With the World Health Organization declaring coronavirus as a pandemic, schools and universities in the United States have been rapidly shutting down or moving classes online. As the pandemic claimed over 4,000 lives worldwide, students are facing the backlash with overseas students being rendered homeless as their campuses shut down.
This week, Amherst College moved its classes online for the rest of the semester with students being asked to vacate school grounds. It isn't the only one. Harvard, Wesleyan University, Grinnel College, University of California, Santa Barbara, University of Michigan and many other prominent schools have shut down on-campus activities. While students can still attend online classes, the situation might get dire for students living on campus, especially overseas students who are already over-burdened with tuition costs and the costs of maintaining a residence abroad.
While college authorities have maintained that the closures were meant to prevent the spread of coronavirus, many including students, teachers and parents have criticised the measures as inconsiderate of the needs of low-income or overseas students.
On Tuesday, Harvard informed students that the campus had to be vacated within five days for the rest of the spring term. It has told students that in case they need assistance, the university can provide financial aid. But many including students and teachers at Harvard itself have been sceptical.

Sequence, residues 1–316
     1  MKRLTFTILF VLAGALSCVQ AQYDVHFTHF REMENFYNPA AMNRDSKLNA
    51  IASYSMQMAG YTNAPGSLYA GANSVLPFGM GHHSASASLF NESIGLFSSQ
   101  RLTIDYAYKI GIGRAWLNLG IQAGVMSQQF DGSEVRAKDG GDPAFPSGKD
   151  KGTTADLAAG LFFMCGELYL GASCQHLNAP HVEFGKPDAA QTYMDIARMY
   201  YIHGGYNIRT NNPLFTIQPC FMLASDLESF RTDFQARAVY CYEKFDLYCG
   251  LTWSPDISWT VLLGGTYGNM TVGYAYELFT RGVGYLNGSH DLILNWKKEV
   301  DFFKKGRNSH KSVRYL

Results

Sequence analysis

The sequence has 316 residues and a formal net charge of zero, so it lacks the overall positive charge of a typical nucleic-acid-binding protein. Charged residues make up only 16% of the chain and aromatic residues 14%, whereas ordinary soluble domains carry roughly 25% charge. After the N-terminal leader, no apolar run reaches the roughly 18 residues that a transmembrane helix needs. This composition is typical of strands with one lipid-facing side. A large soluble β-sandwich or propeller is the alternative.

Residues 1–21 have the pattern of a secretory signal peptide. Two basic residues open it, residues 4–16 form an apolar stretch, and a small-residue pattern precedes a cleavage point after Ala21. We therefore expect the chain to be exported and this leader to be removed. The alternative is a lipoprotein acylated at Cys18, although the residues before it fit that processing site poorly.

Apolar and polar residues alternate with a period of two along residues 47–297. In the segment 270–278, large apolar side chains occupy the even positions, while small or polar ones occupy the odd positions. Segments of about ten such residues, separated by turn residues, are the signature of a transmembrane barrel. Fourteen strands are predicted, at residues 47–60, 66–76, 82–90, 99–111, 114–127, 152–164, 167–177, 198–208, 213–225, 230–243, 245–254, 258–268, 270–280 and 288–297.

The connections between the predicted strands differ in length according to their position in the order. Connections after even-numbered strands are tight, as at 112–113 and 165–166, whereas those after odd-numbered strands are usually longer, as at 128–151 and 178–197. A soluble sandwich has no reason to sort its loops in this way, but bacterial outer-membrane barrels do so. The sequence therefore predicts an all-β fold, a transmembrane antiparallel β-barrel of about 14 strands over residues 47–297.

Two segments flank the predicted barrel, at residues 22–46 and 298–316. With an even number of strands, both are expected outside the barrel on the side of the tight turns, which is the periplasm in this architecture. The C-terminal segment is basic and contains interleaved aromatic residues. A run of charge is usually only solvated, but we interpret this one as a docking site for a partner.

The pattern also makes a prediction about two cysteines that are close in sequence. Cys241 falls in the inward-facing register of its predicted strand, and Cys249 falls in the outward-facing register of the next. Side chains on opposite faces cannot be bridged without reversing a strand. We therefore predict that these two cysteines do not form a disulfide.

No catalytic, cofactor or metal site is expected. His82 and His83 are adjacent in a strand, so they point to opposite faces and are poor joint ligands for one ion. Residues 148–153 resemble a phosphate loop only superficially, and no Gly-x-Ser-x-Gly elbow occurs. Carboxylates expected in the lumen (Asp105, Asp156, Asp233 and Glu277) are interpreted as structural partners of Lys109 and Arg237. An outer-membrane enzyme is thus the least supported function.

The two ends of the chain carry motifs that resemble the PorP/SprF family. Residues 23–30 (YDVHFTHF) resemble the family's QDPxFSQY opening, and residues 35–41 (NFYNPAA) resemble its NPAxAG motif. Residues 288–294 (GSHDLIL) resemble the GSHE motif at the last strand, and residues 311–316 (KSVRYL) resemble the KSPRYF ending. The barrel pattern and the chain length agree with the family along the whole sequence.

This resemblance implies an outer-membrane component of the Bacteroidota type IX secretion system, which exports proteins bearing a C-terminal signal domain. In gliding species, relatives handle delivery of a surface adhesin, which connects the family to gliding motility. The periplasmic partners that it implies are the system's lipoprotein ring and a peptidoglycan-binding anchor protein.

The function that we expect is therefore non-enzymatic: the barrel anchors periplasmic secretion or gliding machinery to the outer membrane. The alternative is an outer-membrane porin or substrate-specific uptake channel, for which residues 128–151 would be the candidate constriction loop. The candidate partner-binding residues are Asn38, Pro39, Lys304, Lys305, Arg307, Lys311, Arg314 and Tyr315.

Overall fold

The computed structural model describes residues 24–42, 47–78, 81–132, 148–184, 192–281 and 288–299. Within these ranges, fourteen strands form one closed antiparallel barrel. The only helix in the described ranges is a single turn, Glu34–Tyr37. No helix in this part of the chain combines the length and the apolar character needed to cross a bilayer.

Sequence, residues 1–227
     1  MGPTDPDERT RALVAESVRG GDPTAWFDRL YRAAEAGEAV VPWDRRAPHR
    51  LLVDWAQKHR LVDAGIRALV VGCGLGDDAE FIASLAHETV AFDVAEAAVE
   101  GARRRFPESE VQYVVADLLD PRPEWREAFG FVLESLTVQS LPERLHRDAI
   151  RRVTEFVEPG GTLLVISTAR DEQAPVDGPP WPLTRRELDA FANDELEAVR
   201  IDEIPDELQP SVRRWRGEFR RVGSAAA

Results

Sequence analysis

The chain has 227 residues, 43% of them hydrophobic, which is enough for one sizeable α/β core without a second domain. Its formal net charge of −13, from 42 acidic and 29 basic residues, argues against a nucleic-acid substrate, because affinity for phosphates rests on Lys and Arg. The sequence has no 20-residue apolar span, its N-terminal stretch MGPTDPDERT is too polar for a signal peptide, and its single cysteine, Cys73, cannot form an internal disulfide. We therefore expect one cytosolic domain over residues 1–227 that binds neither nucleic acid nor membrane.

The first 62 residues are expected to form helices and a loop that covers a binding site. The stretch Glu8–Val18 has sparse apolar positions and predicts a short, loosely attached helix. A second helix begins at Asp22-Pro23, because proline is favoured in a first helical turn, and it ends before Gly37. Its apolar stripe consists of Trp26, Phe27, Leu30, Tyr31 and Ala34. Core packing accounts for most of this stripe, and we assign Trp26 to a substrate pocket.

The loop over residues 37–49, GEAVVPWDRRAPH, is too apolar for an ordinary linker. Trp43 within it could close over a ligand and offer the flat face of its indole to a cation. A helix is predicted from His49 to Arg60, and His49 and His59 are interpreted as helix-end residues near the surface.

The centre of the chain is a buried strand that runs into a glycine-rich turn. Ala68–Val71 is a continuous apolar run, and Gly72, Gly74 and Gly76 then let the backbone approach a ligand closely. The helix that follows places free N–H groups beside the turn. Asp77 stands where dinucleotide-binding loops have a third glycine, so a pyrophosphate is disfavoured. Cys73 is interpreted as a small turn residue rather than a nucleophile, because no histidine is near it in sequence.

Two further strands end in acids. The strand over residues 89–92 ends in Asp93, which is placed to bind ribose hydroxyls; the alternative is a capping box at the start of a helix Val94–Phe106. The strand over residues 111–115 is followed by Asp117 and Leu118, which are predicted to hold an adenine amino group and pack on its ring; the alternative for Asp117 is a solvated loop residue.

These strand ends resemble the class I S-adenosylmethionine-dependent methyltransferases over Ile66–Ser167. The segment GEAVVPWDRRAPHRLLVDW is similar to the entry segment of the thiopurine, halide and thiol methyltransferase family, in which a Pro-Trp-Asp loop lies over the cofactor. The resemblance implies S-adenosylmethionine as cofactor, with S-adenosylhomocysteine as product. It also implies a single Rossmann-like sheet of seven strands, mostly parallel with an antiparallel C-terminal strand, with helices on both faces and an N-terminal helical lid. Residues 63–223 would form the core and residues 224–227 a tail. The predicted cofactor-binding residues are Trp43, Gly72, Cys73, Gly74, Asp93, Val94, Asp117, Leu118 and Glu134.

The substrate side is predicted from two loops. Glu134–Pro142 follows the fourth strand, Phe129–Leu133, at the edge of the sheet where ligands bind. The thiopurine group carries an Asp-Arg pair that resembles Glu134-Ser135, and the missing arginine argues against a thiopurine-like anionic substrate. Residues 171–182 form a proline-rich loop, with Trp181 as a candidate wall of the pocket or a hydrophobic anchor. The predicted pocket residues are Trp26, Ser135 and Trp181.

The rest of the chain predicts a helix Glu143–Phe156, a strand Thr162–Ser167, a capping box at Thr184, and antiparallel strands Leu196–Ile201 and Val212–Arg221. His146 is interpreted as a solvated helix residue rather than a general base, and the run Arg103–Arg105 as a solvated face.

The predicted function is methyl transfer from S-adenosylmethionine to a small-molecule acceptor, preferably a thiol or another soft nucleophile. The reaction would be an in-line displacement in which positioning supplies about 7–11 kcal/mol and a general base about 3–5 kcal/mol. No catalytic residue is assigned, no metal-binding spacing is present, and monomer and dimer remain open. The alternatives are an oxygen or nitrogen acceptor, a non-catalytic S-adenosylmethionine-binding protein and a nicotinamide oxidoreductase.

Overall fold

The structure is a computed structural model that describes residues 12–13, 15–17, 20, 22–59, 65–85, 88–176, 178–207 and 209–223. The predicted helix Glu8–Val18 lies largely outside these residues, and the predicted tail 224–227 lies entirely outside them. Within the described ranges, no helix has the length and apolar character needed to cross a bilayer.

A Harvard student from Kenya, Tom Lee Osborn, took to Twitter to call out Harvard's five-day notice to students to move as "crazy".
Pretty crazy that @Harvard has given all students a FIVE DAY notice to pack up and leave campus. Many kids can’t afford to go home on such a short notice. — Tom L. Osborn (@TomLeeOsborn) March 10, 2020
Another Harvard student Emma Forbes told Al Jazeera that the deadline for students to move out till Sunday was unfair as it was not feasible for many. "Many people still have not yet figured out how they are going to go home or where they are going to go, because some people don't have a home to go to," Al Jazeera quoted her as saying.
Heartbreaking messages from Harvard students seeking help on social media also surfaced.
Another Harvard student, Alejandra Iglesias, said she and her mother are now homeless after Harvard's call for students to move out. She has been trying to raise funds and resources for them on Twitter. "My mom and I are homeless and I no longer have my term-time job I use to support my family," Iglesia, 21, wrote. "I’ve led the student group asking others to help first gen low income students like myself. Now I’m asking for help for me,"
72 hrs Harvard told me to leave campus My mom and I are homeless and I no longer have my term-time job I use to support my family I’ve led the student group asking others to help first gen low income students like myself Now I’m asking for help for me Venmo@alejandra_iglesias — Alejandra Iglesias (@alejandraaa267) March 13, 2020
Taking to the microblogging site Twitter, Leah E Gose, a resident tutor at Harvard, "begged" the university to ensure the safety and convenience of its students. "I’m asking (BEGGING) the University to support students who can’t afford extended summer storage," Hose wrote, adding that it will "immediately add to at-home food costs" of students.